This view is partly based on the assertion that each individual business would be able to focus more aggressively on its priorities – such as international growth – without the unnecessary bureaucracy of a parent company.
Cutting a centuries-old company down the middle might ordinarily prove controversial, but in the past two decades, one of Whitbread’s most regular activities has been selling off businesses it no longer wanted. The existing cohabitation of its two brands under the Whitbread roof are, as its historic portfolio suggests, simply an anachronistic quirk.
Samuel Whitbread, who founded the company in 1742, created the first purpose-built mass-production brewery in the UK when he moved to London’s Chiswell Street. The firm spent more than 200 years in the beer business, but in the late Eighties to early Nineties, the company found other activities, and went on a spending spree which included buying David Lloyd Leisure, Marriott Hotels, TGI Fridays and Premier Lodge hotels.
This smorgasbord of companies didn’t last long though. In 2000, it sold off its brewery business, and over the following seven years it slowly got rid of all the companies it owned outright or had stakes in, leaving it with just Premier Inn and Costa.
The view of other investors seems clear too. When Sachem Head’s presence became known late last year, one major shareholder said: “We think now is the time to consider a demerger of the Costa business. For many many years we’ve seen [Whitbread] as a good owner of these businesses and resisted calls to break it up. But clearly Costa has not had it as good since. No shareholder would stick with this status quo of keeping these two businesses together forever.” Another leading shareholder said the stock “would rise if Sachem Head gets its way”.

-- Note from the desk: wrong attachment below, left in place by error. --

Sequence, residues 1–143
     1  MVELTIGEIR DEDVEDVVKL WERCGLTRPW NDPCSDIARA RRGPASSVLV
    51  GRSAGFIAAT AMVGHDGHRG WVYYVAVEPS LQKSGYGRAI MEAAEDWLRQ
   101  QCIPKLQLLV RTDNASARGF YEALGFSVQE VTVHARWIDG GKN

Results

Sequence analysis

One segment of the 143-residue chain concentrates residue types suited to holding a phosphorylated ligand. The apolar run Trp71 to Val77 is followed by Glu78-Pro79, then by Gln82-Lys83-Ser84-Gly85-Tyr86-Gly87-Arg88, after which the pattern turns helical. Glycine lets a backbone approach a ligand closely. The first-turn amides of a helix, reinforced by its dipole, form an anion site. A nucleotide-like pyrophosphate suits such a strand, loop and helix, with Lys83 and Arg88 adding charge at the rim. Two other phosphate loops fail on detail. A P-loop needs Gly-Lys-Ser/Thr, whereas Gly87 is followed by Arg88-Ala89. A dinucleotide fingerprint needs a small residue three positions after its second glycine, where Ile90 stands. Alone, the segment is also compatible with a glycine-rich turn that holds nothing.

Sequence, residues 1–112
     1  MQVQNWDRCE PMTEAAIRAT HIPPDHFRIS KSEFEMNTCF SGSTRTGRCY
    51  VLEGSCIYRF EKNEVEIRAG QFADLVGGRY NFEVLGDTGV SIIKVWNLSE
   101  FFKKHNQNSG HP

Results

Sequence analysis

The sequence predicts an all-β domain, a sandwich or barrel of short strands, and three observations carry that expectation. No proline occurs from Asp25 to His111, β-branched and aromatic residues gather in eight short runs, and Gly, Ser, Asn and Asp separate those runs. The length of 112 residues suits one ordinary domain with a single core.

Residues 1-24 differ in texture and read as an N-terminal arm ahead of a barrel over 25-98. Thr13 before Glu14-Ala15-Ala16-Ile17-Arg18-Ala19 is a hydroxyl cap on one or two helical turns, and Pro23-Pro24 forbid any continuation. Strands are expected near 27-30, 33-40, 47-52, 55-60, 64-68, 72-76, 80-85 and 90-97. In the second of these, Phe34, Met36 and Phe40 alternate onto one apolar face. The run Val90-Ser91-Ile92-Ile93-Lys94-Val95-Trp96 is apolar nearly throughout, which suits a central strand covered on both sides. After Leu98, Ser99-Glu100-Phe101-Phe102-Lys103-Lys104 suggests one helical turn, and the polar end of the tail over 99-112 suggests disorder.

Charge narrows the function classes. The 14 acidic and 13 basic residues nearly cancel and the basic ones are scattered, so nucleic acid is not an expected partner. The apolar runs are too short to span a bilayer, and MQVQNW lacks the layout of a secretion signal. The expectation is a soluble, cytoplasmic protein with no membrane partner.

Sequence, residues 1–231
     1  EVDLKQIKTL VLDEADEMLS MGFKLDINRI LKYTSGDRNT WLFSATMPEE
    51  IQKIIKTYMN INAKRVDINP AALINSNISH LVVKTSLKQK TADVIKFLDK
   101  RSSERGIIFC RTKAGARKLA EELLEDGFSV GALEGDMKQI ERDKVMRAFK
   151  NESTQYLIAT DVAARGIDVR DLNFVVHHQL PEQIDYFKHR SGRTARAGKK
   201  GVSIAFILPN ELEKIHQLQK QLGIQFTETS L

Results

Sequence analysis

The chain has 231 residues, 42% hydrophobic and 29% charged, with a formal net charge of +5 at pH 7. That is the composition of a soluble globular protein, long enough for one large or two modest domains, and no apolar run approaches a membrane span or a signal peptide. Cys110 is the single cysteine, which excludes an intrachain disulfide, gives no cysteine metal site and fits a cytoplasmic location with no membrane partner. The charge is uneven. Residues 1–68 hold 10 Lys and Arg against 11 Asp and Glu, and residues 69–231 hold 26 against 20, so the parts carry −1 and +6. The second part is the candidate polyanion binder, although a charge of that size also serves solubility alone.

Whitbread’s shares have started to underperform on the broader market. In the past year, the stock is down nearly 3.5pc compared to a rise of roughly the same magnitude by the broader FTSE 100 index. The tough conditions on the UK high street have taken the perk out of Costa’s sales and led some investors to call for a slowdown in store openings.
But Costa does now boast a state-ofthe-art £38m roastery in Basildon, Essex, which can handle 45,000 tons of coffee beans a year, compared with 11,000 at its old Lambeth site. Its Express coffee machine business is also supporting the company’s growth, and were it go to it alone, it could also make the decision to bring the second of two Chinese ventures in-house, just as it did with one of them last year.
And for Premier Inn, a management team focused purely on this business could forge ahead with its expansion into Germany and potentially seek out a presence in other countries.
Sources with knowledge of the two activists suggest the pair expect £3bn of value could be realised if the businesses were split, with the cost of such a move being as little as £20m.
If those sums stack up, it doesn’t look like Premier Inn and the “nation’s favourite coffee shop” will be bedfellows for too much longer.
Whitbread Brewing David Lloyd